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Emotional Eating

Stumped about emotional eating?

Have you been on a diet roller coaster before, following some regimented plan that helped you lose weight, only to gain it all back and more?

If so, there’s a chance you’ve struggled with emotional eating.  Many types of regimented plans that focus only on calories, working out, and simply eating less fail to address the root causes of emotional eating.

As human beings, we are generally terrible at self-assesing whether we’re emotional eaters.  Many, if not most, of us are blissfully unaware of our emotional eating patterns.  Those of us who are aware of some emotional eating pattern may still not understand the full extent of it.

There’s a good reason for this: there’s an inherent triple-bias that prevents us from being able to determine how our eating is affected by our emotions.  Here are the three biases that come into play:

  1. We tend to misrepresent our emotional state when asked to recall it retroactively. “Emotional ratings are also highly sensitive for recall bias (Barrett, 1997) and include risk for under- or overestimation of emotions.”
  2. We have a tendency of under reporting our caloric intake, whether consciously or subconsciously: humans, by nature, tend to “downplay their caloric intake.”
  3. We are also unable to draw precise correlations between our emotional states and our caloric intake: “people are often unaware of the impact of hot states on their .” (“Hot states” in this context refers to heightened emotional states).

How, then, can we address emotional eating if we’re wired to not fully understand its extent or root cause?

With mindfulness.

Mindfulness can mean many things, but for me, it is simply “the act of giving your undivided attention to the present moment.”  This sounds easy but can be exceedingly hard, because as humans, our brains are big and complex, so we’re constantly reviewing the past in our heads: “How did that conversation go yesterday?  Was I awkward?”; and worrying about the future; “Will I have enough time to get from my first meeting to my second?  Is my presentation solid enough?  Will they think I’m stupid?”.  As we’re deep in thought, we’re neglecting one big thing – the present.  That means we’re often doing things on autopilot throughout our day.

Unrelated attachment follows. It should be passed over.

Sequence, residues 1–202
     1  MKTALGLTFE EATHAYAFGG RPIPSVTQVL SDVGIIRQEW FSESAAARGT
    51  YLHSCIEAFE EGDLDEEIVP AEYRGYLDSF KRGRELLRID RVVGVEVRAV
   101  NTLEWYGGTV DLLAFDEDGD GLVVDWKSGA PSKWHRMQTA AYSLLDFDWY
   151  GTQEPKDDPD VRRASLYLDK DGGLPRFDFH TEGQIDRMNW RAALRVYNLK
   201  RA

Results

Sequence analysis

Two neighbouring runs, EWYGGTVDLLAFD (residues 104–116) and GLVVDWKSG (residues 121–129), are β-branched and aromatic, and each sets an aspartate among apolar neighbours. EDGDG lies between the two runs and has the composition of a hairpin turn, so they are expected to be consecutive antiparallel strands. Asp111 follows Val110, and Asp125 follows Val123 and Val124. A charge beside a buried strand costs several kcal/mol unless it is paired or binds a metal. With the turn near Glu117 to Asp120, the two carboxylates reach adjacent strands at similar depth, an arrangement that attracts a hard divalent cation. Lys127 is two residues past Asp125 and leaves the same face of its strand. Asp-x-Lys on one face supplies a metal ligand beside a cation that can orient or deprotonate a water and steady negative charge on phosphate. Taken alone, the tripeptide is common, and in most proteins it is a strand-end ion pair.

Think about the last time you were on autopilot.  Maybe you found yourself pulling into your driveaway at the end of your commute, not remembering the drive because you were so lost in thought.  Maybe you found yourself feeling excessively full, not at all remembering what you ate or how much.  Maybe you found yourself finishing up your shower, not remembering a moment of what it felt like.  Autopilot robs us of the joy of the little moments in life; it also prevents us from critically examining what’s going on while our brains are elsewhere.

Bringing this back to weight loss journeys – mindfulness is a powerful tool to help improve our understanding of our own emotional eating patterns.  Here are some tips:

Mindfulness helps us be present and focused on the here and now.  It requires practice, though – much like going to the gym strengthens your muscles - mindfulness-based tools strengthen your ability to stay focused on the present.  It doesn’t come naturally to most of us, and it takes lots of consistent practice to build.  Meditation is one of the most powerful mindfulness-based tools, but there are others including breathwork, yoga, etc.  Being mindful can be part of your every moment, every day.  One of my favorite authors, Eckhart Tolle, wrote this quote:

"For example, [when] you wash your hands, feel the water. Smell the soap. Becoming acutely conscious of sense perception means looking, hearing, touching. It brings you into the present moment." 

It’s about treating each moment as precious, rather than as a means to an end.  Not only will this help you notice your emotional eating patterns, but also it will help you enjoy the little moments in life to the fullest.

At Sound Medical Weight Loss & Aesthetics, we help you on your weight loss journey by including mindfulness techniques to discover the root cause of your emotional eating patterns.  This holistic approach has helped hundreds of people achieve real, long-lasting success.

Author
Sarah Eno Sarah Eno is passionate about supporting healthy lifestyle and mindset change. She graduated with a degree in Functional Nutrition in 2016. She has supported hundreds of individuals to a health-promoting lifestyle and believes that everyone has the opportunity to experience health. Sarah is a wife and mom of 3 boys. She loves cross-country skiing, yoga, her Peloton, and does fashion runway part-time.

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